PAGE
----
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9 Apr, 2023 18:40

Ukrainian church to ban prayers in Russian

Prayers at the Kiev Pechersk Lavra should always be said in Ukrainian, the new occupier's leaders have declared
Ukrainian church to ban prayers in Russian

Prayers in Kiev’s iconic Pechersk Lavra should be said in Ukrainian from now on, the head of the recently formed Orthodox Church of Ukraine (OCU) said on Sunday. The historic monastery was occupied by monks belonging to the canonical Ukrainian Orthodox Church (UOC) until recently.

The monastery recently found itself at the center of a standoff between the UOC and the Ukrainian government. The Kiev-backed church now plans to hold prayers at the Lavra during the Orthodox Easter holidays, which are due to be celebrated next week.

The head of the OCU, Metropolitan Epiphany, told the Ukrainian media that he would hold prayers in the monastery on Orthodox Easter next Sunday. Kiev registered the Lavra as an OCU monastery as long ago as December 2, 2022, on the day that President Vladimir Zelensky banned all religious organizations “affiliated” with Russia from operating in Ukraine.

The UOC monks continued to live in the monastery until recently. In late March, a lease contract between the Ukrainian authorities and the UOC, which had allowed the monks to live in the Lavra, was terminated by Kiev. The monks refused to leave and filed a complaint appealing the decision to a Kiev court. Their case is now scheduled to be heard later in April.

The OCU does not want to “evict the monks,” Epiphany told the Ukrainian media. “We want the spirit of the ‘Russian world’ to no longer reign here,” he added, while insisting that “the Lavra should be Ukrainian; prayers in Ukrainian and for Ukraine should always be held there.”

He also claimed that the OCU was already regularly holding prayers in the upper part of the monastery vacated by the UOC monks, and would pray “peacefully and calmly” in the Lower Lavra that is still occupied by them as well. The OCU Metropolitan insisted that the “Ukrainization” of the monastery is “inevitable.”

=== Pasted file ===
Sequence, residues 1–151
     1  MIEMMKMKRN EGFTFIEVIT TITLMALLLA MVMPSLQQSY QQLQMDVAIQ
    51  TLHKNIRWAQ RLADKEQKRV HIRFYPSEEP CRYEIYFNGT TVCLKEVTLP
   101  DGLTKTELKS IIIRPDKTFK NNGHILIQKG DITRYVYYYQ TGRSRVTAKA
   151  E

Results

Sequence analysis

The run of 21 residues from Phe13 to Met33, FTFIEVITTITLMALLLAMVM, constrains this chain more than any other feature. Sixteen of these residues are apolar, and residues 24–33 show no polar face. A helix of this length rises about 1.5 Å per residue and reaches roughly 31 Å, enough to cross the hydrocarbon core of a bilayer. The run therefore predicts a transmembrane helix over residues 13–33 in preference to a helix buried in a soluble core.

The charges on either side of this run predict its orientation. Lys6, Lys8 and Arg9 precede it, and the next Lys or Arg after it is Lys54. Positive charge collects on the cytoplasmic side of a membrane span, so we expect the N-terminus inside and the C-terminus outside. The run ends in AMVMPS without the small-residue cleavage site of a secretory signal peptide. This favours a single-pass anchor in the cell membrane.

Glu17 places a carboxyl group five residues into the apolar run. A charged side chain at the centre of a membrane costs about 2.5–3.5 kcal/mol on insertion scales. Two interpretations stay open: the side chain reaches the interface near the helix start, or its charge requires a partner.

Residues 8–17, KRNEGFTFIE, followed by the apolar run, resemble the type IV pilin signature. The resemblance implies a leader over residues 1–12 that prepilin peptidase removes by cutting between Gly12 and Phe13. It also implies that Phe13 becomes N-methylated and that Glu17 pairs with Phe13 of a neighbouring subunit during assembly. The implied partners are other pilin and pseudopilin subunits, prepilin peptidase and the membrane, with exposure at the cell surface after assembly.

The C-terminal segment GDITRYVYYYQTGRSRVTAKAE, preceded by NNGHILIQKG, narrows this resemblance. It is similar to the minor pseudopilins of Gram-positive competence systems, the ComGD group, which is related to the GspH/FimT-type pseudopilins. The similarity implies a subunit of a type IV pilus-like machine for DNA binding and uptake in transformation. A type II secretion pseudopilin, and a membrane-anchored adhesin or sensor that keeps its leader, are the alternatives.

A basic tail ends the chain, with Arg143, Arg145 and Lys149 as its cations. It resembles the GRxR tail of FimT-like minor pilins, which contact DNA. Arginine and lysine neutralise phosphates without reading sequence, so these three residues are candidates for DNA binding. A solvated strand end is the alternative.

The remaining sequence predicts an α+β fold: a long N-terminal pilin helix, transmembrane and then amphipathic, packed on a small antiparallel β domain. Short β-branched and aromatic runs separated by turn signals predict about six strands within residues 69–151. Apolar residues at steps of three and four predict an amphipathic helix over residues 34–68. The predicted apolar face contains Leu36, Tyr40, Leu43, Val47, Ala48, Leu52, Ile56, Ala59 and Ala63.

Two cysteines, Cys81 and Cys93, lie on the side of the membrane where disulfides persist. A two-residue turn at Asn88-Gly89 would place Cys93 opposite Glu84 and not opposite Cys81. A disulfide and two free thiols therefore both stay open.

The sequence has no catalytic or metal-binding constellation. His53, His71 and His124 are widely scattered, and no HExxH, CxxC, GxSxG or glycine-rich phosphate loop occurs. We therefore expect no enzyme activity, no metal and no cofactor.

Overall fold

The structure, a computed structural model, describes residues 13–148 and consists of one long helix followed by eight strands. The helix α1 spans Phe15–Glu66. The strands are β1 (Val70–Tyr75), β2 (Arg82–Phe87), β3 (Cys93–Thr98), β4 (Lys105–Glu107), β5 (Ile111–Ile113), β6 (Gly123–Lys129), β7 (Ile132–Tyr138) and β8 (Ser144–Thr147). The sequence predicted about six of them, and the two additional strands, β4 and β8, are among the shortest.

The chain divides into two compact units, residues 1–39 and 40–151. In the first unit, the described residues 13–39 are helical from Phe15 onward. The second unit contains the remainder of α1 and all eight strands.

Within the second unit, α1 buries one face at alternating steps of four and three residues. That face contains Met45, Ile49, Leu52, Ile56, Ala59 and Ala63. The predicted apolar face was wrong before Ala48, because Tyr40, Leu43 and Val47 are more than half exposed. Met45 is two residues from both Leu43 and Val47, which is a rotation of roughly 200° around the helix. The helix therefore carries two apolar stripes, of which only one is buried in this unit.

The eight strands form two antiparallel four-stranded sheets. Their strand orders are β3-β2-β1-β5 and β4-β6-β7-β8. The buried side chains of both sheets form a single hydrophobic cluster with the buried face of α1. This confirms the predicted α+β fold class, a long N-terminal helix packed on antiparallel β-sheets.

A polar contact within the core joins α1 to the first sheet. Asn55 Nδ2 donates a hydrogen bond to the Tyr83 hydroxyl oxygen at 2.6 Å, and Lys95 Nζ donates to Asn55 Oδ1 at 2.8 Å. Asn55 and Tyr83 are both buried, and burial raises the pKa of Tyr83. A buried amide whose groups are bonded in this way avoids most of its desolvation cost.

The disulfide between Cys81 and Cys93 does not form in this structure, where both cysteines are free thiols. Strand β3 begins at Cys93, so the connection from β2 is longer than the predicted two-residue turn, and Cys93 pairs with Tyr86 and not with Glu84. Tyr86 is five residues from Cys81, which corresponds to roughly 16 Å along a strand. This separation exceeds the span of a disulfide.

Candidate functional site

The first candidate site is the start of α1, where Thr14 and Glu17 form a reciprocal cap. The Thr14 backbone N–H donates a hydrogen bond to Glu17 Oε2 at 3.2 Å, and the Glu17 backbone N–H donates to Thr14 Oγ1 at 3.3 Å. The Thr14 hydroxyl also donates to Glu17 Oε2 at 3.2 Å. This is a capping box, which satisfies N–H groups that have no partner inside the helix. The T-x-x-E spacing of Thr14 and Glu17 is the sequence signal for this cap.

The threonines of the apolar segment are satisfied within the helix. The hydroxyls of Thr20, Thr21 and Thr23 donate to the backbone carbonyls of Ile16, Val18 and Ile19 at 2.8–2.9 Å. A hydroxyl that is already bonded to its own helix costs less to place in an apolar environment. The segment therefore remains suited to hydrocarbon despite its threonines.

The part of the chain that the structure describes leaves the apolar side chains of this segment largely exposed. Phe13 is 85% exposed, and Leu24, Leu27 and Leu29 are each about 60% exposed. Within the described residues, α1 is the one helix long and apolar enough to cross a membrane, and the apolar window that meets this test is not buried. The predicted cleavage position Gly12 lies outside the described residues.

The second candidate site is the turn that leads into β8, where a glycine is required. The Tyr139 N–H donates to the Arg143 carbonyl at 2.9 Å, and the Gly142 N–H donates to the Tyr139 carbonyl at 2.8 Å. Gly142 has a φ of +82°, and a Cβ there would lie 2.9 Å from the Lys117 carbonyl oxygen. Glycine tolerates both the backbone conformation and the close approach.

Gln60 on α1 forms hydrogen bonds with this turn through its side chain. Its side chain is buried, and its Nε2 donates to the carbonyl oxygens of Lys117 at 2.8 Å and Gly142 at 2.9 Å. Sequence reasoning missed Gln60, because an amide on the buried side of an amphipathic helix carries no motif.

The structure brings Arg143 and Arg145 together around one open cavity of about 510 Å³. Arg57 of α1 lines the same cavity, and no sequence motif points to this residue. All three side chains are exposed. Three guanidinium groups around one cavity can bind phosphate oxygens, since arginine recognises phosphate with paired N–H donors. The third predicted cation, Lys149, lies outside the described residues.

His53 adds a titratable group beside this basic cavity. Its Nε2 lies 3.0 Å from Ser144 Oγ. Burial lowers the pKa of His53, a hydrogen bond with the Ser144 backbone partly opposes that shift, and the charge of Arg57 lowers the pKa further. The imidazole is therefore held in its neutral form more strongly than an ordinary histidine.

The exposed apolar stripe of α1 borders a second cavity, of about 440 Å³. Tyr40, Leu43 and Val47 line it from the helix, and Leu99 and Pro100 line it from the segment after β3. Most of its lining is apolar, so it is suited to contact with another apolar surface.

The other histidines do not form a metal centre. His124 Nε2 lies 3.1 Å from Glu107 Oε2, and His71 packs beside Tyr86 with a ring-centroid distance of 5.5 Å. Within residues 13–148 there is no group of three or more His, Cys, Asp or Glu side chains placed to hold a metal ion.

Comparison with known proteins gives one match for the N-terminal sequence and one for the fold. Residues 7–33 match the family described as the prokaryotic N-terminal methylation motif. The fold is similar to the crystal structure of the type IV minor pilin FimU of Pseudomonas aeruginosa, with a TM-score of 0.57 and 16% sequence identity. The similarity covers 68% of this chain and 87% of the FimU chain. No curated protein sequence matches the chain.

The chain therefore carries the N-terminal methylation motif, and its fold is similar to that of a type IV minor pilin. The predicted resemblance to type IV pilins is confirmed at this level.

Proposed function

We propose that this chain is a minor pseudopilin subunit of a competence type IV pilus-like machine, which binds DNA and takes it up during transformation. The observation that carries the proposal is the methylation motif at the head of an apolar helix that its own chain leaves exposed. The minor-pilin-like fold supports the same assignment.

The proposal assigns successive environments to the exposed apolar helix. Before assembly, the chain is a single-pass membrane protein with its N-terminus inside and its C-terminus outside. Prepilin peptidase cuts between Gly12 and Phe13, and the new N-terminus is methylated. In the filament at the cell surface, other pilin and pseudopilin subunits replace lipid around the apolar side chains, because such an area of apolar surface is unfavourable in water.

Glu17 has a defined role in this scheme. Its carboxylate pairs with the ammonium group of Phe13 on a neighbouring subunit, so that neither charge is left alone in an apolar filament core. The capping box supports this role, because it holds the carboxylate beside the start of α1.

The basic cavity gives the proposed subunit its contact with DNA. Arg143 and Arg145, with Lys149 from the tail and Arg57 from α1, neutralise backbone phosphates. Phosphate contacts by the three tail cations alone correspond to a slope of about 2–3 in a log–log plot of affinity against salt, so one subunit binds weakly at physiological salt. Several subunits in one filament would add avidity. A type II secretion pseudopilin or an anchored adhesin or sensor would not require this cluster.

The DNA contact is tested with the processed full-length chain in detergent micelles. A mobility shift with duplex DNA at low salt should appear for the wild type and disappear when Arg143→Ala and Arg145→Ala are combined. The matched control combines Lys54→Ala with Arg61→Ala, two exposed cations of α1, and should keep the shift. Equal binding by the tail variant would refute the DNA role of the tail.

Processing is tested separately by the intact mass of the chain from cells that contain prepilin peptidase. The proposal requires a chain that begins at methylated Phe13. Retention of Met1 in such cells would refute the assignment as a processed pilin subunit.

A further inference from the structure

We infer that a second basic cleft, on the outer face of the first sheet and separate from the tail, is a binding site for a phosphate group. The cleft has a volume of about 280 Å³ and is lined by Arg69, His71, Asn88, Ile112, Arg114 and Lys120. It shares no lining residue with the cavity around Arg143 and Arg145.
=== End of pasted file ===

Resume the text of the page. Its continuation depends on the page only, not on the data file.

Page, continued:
Tensions between the monastery and the Ukrainian authorities escalated back in November 2022, when the Ukrainian security service (SBU) opened a criminal case over chants glorifying Russia in the Lavra amid the ongoing conflict between Kiev and Moscow.

The UOC has historical ties with the Russian Orthodox Church and was accused by Ukrainian officials of being a security threat amid the military conflict with Russia. The SBU has been raiding UOC churches, ostensibly searching for weapon stockpiles and evidence of treason.

In late March, Ukrainian law enforcement arrested Metropolitan Pavel, a senior bishop of the UOC, who was the leader of the monks in the Larva. The SBU accused him of inciting religious hatred and “justifying and denying Russian military aggression.”

Moscow demanded Pavel’s release while accusing Zelensky’s government of religious persecution. A report by the UN Office of the High Commissioner for Human Rights (OHCHR) also said last month that the actions of the Ukrainian government “could be discriminatory,” prompting a rebuke from Kiev.